Space for a Shack in Hillcrest?

Troubled electronics store chain plans closings

RadioShack Corporation's September 11 announcement of second-quarter financial results strongly suggested that store closings are coming. Joseph C. Magnacca, chief executive officer, said the company “may need additional capital.” Magnacca also announced possible “debt restructuring” and “a store base consolidation program.”

A background interview on September 12 revealed that the Hillcrest RadioShack is not likely to close, since it's reportedly profitable. But a Mission Valley RadioShack closed down after it received a huge rental increase. Regency Centers, the new owner of the maturating Uptown District Shopping Center, is in the middle of a major renovation project. It's been renamed the Hub, and Regency plans to bring in several new tenants.

Luke Terpstra, Hillcrest Town Council chair, said, “The people at the Postal Place told me they were asked to leave because they were not the 'type of business’ Hub wanted in their new space.” The Postal Place moved to North Park and occupies a former pizza place at 2358 University Avenue.

The Reader contacted RadioShack public relations in Fort Worth, Texas, to ask if the Hillcrest and other RadioShack stores in San Diego County may be closed. An unsigned reply stated in part: “This may include a store base consolidation program, but we don’t have additional details to share at this time. Our highest priority is working on a solution to maximize value to all of our stakeholders while giving us the flexibility to complete our work.”

Share / Tools

  • Facebook
  • Twitter
  • Google+
  • AddThis
  • Email

More from SDReader


Love the title of this article, it caught my attention! I've stopped by this Radio Shack location a couple times and found the sales people to be very helpful. I hope they are able to stay in Hillcrest. They're in a very competitive business and somehow need to change their image to one more current.Good luck to them.

Some say RadioShack waited too late to update its stores, and what it sells in those stores. Their TV advertising was mediocre, and the corporate name was just too dated (as with Blockbuster and Circuit City).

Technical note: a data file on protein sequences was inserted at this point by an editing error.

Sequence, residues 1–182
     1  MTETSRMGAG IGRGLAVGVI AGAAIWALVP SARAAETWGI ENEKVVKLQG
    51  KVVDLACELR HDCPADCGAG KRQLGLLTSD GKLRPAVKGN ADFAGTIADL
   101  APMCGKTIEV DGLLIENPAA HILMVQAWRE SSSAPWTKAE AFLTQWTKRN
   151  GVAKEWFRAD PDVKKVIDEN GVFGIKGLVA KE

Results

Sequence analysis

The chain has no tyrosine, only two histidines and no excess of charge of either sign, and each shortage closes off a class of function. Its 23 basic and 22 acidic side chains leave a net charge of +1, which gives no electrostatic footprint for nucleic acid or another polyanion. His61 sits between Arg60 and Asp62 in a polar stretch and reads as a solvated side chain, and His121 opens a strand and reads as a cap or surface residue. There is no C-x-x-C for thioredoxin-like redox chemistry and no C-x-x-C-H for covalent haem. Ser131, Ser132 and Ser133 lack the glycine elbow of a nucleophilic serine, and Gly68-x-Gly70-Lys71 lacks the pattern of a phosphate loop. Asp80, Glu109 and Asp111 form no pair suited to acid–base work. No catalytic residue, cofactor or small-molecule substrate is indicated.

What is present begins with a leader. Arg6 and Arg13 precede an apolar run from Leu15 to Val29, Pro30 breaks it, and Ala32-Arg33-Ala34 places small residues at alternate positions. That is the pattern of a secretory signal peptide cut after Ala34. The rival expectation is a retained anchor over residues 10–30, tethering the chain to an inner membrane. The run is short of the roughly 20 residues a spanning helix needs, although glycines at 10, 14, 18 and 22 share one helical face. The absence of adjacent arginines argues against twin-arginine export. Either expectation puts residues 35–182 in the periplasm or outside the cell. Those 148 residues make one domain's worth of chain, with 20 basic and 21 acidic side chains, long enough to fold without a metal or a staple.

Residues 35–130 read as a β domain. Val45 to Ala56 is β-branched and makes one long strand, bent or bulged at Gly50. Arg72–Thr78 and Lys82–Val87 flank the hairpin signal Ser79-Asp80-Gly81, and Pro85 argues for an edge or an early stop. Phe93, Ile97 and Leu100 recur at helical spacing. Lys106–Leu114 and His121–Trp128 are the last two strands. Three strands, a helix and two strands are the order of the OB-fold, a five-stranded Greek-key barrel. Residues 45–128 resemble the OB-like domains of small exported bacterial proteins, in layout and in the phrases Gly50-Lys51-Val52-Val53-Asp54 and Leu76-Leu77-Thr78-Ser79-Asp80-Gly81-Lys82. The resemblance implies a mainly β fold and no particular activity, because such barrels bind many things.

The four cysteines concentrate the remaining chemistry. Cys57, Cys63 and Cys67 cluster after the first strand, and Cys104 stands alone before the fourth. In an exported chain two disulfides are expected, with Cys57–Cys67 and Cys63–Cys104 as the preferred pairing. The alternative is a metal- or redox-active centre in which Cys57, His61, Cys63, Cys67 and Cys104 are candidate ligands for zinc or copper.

Most businesses that rent space from malls (large and small) are usually on a triple net lease. They pay for everything not the landlord. New roof, parking lot paving, exterior painting, all landlord taxes, all improvements. There is the basic per foot rent then the landlord adds everything else on. More than some poor schmuck making minimum wage these greedy landlords suck all the profit making potential out of these small businesses. The only thing that the landlord provides is fire insurance on the building. Plumbing leak, you fix it, roof leak, you fix it, on and on. . . . . .

But RadioShack is not a small business. The company has more than 4,000 stores in the U.S. Time will tell how many will be left as stores are closed. Brick-and-mortar electronics stores (like BestBuy, etc.) have been hammered by Amazon and other e-tailers, and it will get worse for them.

Holly Etlin has stepped in as CFO today. She is a specialist creditor and debtor representation and bankruptcy. The pre-packaged bankruptcy is probably going to be filed soon. The light at the end of the tunnel is a train.

"Ruh-roh!" Thanks for the update! Doesn't look good. JC Penney may be next.

The Wall Street Journal reported yesterday: "RadioShack Corp. has tried—unsuccessfully so far—to convince a major supplier to alter its terms as the struggling electronics retailer works to avoid a bankruptcy filing."

Log in to comment

Skip Ad

Let’s Be Friends

Subscribe for local event alerts, concerts tickets, promotions and more from the San Diego Reader